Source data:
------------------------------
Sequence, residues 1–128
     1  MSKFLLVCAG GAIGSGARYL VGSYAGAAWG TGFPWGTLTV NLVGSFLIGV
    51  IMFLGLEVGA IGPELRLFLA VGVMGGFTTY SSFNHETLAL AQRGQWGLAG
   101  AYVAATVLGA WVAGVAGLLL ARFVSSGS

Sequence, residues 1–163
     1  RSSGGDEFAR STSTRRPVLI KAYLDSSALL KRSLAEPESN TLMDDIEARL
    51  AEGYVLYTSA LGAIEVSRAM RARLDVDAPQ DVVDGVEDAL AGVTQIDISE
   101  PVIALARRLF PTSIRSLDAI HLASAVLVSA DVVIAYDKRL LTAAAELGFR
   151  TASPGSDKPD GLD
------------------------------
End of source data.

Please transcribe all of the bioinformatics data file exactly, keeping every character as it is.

Sequence, residues 1–128
     1  MSKFLLVCAG GAIGSGARYL VGSYAGAAWG TGFPWGTLTV NLVGSFLIGV
    51  IMFLGLEVGA IGPELRLFLA VGVMGGFTTY SSFNHETLAL AQRGQWGLAG
   101  AYVAATVLGA WVAGVAGLLL ARFVSSGS

Sequence, residues 1–163
     1  RSSGGDEFAR STSTRRPVLI KAYLDSSALL KRSLAEPESN TLMDDIEARL
    51  AEGYVLYTSA LGAIEVSRAM RARLDVDAPQ DVVDGVEDAL AGVTQIDISE
   101  PVIALARRLF PTSIRSLDAI HLASAVLVSA DVVIAYDKRL LTAAAELGFR
   151  TASPGSDKPD GLD